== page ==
For visible light, a timestep on the order fs is correct. But you have to balance that against the fact that you would typically only need to use FDTD (or any fullwave technique) when your scatterers/structures are on the scale of the wavelength anyway. And since they're so small, the total interaction time is probably not especially long. It's probably in nanoseconds unless they are extremely high Q resonators (and if they are high-Q, use a frequency domain technique directly, like finite elements or method of moments, instead of just waiting ages for a transient solver to reach oscillatory steady state). I don't mean to imply that optical FDTD models are inexpensive, just pointing out that you rarely need to model long time durations with tiny timesteps (and you may have ways to escape, anyway).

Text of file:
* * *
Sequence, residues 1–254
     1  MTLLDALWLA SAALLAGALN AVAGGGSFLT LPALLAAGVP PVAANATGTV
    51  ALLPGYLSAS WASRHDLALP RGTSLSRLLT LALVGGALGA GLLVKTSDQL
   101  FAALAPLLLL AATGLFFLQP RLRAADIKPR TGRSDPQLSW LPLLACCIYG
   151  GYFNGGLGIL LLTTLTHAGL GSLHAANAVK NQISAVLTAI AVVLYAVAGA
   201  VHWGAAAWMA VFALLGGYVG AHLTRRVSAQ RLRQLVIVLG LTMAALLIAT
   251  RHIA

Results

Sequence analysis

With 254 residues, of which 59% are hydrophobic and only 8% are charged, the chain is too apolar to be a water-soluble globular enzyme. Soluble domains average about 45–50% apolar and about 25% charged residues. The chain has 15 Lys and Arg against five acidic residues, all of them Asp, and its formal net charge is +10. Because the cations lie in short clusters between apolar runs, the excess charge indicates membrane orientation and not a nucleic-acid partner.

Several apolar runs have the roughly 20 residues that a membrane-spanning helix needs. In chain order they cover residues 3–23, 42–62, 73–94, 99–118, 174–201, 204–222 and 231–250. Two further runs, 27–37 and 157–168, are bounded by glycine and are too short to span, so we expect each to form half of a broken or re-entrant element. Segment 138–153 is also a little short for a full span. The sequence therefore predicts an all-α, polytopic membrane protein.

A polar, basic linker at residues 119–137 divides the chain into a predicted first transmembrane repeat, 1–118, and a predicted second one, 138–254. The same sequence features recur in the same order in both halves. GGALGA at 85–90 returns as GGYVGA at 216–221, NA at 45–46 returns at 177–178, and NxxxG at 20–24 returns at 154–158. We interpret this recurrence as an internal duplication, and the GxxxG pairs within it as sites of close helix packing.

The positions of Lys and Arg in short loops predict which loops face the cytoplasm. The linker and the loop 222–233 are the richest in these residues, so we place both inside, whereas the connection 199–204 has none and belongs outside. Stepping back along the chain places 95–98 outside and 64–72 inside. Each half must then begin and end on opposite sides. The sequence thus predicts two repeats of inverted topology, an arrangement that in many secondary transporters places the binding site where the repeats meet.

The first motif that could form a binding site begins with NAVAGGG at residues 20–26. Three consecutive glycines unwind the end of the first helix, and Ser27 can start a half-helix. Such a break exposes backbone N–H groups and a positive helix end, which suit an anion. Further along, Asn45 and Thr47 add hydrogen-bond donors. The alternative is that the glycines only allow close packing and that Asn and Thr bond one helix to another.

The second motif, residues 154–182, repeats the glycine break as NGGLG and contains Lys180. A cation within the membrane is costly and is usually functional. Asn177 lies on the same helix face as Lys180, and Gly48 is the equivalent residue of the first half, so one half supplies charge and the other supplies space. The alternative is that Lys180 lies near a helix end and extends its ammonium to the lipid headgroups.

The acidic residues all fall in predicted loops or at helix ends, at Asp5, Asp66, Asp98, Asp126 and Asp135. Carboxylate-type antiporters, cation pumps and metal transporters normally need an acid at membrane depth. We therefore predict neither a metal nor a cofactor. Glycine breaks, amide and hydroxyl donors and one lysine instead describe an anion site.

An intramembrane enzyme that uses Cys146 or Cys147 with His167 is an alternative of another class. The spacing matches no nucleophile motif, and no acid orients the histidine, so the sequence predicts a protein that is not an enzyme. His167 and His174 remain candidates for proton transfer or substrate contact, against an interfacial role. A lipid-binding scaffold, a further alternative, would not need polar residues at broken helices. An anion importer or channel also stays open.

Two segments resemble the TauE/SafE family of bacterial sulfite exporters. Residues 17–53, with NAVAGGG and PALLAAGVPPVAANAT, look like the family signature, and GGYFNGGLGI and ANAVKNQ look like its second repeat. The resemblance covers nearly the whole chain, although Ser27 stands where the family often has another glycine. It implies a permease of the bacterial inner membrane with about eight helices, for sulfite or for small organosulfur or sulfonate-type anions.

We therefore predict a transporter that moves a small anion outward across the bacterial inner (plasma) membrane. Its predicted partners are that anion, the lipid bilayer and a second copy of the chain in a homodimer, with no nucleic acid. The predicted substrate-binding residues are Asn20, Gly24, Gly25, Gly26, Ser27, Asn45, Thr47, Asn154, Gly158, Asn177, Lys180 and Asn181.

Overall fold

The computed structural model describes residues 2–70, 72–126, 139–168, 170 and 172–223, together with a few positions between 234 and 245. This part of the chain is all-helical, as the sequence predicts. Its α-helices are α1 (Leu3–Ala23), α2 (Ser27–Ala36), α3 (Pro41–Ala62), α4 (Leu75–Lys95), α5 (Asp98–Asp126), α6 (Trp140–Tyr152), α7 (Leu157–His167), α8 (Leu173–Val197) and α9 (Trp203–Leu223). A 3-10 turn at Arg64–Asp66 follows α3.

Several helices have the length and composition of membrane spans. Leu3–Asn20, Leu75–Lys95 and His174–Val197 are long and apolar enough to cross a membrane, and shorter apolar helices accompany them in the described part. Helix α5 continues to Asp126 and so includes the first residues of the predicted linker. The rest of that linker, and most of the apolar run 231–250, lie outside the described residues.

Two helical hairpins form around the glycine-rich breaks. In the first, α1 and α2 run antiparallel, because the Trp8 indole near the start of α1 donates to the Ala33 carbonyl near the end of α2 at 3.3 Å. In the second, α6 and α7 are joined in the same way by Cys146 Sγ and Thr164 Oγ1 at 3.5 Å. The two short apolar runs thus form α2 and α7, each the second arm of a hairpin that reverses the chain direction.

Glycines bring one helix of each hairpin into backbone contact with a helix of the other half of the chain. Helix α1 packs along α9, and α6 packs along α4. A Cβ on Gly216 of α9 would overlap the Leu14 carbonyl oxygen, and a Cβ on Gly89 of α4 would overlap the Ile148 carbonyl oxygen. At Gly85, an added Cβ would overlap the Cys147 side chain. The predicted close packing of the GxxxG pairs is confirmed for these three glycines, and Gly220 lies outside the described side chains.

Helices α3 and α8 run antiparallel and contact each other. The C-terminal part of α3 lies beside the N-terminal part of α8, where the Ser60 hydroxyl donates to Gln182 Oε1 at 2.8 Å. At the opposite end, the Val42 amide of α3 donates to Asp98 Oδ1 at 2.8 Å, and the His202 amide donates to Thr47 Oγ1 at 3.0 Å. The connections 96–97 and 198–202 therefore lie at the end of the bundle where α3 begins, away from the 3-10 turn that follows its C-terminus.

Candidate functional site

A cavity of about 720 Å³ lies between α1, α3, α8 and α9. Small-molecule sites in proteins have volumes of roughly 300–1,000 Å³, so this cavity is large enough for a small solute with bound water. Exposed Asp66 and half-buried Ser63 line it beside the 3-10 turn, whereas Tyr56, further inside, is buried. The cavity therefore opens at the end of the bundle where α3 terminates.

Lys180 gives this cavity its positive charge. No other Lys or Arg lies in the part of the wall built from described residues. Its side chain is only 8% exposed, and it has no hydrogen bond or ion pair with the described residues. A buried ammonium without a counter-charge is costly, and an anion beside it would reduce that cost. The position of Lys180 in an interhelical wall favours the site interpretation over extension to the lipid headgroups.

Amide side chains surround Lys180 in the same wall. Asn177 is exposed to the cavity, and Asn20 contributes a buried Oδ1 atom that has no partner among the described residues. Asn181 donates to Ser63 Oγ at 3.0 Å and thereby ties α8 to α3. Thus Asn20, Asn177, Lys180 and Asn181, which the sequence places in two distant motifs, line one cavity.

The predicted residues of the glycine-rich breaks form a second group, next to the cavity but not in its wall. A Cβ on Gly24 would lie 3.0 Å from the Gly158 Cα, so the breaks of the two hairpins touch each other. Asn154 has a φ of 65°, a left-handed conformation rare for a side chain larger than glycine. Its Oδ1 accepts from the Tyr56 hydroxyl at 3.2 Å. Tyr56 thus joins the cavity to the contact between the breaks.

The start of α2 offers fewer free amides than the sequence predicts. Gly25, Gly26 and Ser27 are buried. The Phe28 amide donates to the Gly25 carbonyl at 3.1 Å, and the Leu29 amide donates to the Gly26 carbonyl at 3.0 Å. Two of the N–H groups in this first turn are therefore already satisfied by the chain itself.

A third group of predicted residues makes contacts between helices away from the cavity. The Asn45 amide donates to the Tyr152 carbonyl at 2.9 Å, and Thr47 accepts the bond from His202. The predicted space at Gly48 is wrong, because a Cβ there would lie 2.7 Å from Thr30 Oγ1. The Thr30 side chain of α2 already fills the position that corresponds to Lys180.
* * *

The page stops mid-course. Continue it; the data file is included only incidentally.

When structures are vastly larger than a wavelength (ie too big for full-wave/FDTD) then asymptotic/raytracing-like techniques grow increasingly accurate. They are not bound by the nyquist rate in space nor the courant criteria in time, so their runtime is not so strongly sensitive to frequency (just their accuracy).
I do admit and agree that there's still a large "unconquered middle" of important structures that are electrically/optically large, yet still packed with enough fine detail to demand fullwave accuracy (antenna arrays, photonic crystals, computer chips, many more). Even here, there might be tricks (periodicity, for instance, in the case of an array) that allow for a tailor-made full wave solution.